Winter Scavenger Hunt

Winter weather is finally starting to settle in at Runge. Just a week ago, butterflies, flies, bumblebees, and a variety of insects were all too easy to find. Asters, white snake root, and a handful of other miscellaneous flowers were still in bloom. And, many of our nature center patrons were still wearing short sleeves and shorts. The weather has turned colder, many organisms have migrated, gone dormmate, or died, but there is still a lot to be discovered at Runge. Challenge yourself to get outside this winter by participating in our iNaturalist observation scavenger hunt. Scavenger hunts can be found at the front desk of the nature center. After completing the hunt using the iNaturalist app or website and adding your observations to the "Runge Biodiversity Project," stop at the front desk to receive a free nature discovery item.

Dont forget to check out our "Observation of the Month" for October and November in the comment section (click on the title of the journal post on the online version to view the comments, or the following link for October and November’s "Observations of the Month" https://www.inaturalist.org/projects/runge-biodiversity-project/journal/44432-winter-scavenger-hunt). Keep exploring and maybe one of your observations will be selected in the future. Also, remember to share your favorite observations using Instagram - #RungeBiodiversityProject. Get out, observe, and explore this winter!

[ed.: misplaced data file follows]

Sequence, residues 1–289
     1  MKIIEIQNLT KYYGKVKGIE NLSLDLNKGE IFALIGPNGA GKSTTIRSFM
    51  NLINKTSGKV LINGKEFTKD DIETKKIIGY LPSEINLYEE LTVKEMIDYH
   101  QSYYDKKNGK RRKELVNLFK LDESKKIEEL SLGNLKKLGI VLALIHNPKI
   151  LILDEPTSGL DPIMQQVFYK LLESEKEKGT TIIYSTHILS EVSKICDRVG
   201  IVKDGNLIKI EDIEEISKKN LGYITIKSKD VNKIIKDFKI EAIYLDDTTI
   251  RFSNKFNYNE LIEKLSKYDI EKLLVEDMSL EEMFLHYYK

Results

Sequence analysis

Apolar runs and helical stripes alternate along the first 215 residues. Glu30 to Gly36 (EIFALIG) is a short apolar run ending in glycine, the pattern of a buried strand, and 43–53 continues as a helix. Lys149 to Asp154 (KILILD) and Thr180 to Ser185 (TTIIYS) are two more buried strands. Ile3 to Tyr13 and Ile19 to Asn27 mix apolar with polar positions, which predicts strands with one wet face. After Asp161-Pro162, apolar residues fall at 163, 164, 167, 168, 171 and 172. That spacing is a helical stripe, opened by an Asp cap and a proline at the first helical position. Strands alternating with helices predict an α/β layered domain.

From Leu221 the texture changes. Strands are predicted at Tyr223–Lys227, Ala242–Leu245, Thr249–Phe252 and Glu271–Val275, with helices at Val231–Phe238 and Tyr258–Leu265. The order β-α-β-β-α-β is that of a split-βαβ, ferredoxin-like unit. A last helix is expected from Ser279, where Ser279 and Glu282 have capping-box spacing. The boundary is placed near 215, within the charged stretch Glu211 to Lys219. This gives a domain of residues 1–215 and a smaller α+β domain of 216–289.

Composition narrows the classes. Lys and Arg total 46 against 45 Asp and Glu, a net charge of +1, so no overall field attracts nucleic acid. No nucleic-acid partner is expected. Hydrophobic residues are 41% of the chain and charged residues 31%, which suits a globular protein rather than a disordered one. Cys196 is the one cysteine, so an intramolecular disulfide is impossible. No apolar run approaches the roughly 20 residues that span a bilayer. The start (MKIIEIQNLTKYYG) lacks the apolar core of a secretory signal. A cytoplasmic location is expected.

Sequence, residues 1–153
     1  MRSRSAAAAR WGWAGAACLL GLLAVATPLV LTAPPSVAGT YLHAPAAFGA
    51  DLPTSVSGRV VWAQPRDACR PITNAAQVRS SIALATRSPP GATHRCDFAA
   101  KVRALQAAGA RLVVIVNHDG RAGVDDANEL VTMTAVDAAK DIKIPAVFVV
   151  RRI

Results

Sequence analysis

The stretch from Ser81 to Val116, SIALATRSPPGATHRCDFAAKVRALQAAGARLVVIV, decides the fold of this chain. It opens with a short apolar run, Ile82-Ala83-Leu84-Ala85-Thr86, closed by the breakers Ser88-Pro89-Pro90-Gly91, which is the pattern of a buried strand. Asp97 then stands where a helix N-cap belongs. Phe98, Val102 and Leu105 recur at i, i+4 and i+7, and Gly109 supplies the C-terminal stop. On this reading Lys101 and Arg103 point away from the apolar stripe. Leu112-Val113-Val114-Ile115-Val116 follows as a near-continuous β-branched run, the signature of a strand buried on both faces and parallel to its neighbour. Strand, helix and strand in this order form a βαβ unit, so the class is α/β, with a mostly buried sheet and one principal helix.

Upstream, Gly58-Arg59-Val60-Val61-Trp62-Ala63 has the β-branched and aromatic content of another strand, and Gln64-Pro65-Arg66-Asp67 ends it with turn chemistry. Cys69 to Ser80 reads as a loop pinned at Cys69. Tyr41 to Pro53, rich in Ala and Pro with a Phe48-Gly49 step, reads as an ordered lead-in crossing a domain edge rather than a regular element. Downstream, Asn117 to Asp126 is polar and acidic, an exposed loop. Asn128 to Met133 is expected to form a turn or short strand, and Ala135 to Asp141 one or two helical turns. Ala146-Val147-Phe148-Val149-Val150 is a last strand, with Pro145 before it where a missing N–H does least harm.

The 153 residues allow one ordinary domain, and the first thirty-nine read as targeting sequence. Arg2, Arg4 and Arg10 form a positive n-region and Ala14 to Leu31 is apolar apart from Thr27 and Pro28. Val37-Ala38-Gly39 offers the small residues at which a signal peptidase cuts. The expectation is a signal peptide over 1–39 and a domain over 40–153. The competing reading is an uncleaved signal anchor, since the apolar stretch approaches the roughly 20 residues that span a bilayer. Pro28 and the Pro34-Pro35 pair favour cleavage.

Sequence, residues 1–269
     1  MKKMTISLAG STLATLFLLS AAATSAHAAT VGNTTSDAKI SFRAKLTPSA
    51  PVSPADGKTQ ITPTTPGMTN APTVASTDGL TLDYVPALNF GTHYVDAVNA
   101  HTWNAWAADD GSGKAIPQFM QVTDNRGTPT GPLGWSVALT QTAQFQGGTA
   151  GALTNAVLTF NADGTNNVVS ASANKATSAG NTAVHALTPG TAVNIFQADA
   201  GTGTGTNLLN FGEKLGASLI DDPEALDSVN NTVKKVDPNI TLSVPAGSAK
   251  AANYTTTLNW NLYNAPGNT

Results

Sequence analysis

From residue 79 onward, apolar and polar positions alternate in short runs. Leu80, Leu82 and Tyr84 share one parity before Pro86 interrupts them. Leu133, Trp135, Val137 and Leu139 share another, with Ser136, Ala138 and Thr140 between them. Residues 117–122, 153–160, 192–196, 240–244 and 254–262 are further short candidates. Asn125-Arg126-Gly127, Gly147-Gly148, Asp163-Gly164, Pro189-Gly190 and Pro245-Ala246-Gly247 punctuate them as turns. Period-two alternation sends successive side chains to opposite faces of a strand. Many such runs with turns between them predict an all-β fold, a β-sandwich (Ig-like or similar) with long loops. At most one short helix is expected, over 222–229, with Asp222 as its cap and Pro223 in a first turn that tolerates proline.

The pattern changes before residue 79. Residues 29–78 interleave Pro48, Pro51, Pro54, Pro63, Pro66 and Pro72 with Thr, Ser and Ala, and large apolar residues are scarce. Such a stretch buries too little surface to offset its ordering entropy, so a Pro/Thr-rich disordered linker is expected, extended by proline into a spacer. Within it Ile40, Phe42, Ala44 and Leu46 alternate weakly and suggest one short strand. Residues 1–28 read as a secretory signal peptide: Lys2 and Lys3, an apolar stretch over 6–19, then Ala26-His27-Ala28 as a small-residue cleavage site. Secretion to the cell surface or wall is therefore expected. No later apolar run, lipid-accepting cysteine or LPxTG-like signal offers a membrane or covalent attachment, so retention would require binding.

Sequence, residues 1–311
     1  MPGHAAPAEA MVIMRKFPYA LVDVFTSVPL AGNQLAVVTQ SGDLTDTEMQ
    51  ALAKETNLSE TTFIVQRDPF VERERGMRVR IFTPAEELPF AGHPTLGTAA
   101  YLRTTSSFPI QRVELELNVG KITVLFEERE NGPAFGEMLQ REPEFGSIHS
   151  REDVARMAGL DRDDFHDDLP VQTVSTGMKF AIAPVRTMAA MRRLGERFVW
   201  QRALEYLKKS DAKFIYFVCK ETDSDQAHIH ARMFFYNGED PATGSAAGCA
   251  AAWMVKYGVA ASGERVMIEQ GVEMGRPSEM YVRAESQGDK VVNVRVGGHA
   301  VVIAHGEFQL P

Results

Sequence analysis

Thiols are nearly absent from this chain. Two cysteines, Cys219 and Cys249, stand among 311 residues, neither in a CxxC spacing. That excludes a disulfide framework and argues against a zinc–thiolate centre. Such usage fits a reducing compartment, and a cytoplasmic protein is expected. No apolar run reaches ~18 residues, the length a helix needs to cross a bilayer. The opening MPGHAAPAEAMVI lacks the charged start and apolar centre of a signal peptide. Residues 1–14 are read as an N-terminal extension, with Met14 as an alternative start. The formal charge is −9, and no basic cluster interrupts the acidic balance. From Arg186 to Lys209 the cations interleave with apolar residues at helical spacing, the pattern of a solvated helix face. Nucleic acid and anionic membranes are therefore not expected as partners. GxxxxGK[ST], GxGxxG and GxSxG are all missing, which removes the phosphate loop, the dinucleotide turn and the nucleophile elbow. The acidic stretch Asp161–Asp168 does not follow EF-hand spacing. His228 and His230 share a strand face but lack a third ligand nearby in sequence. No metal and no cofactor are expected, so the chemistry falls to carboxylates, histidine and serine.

Posted by amlambert11 amlambert11, December 01, 2020 22:07

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October's "Observation of the Month" is a Southern Dogface, Zerene cesonia, a species of sulphur butterfly. This observation is only the second for the Runge Biodiversity Project. The Southern Dogface is considered locally common in the Ozarks, but uncommon to rare throughout the rest of the state, only 13 observation have been recorded on iNaturalist for Missouri. This observation can be found at: https://www.inaturalist.org/observations/63846131

Posted by amlambert11 about 2 months ago (Flag)
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November's "Observation of the Month" are three Water Oaks, Quercus nigra, a first for the Runge Biodiversity Project. These oaks typically grow in bottomland forests and on the edges of swamps in SE Missouri. These individuals were most likely planted, or are the descendants of nearby, planted individuals. The trees were detected because their leaves were still green while all the other surrounding trees had brown, or had already lost their leaves. It just goes to show there is always something to discover at Runge. This observation can be found at: https://www.inaturalist.org/observations/65234176

Posted by amlambert11 about 2 months ago (Flag)

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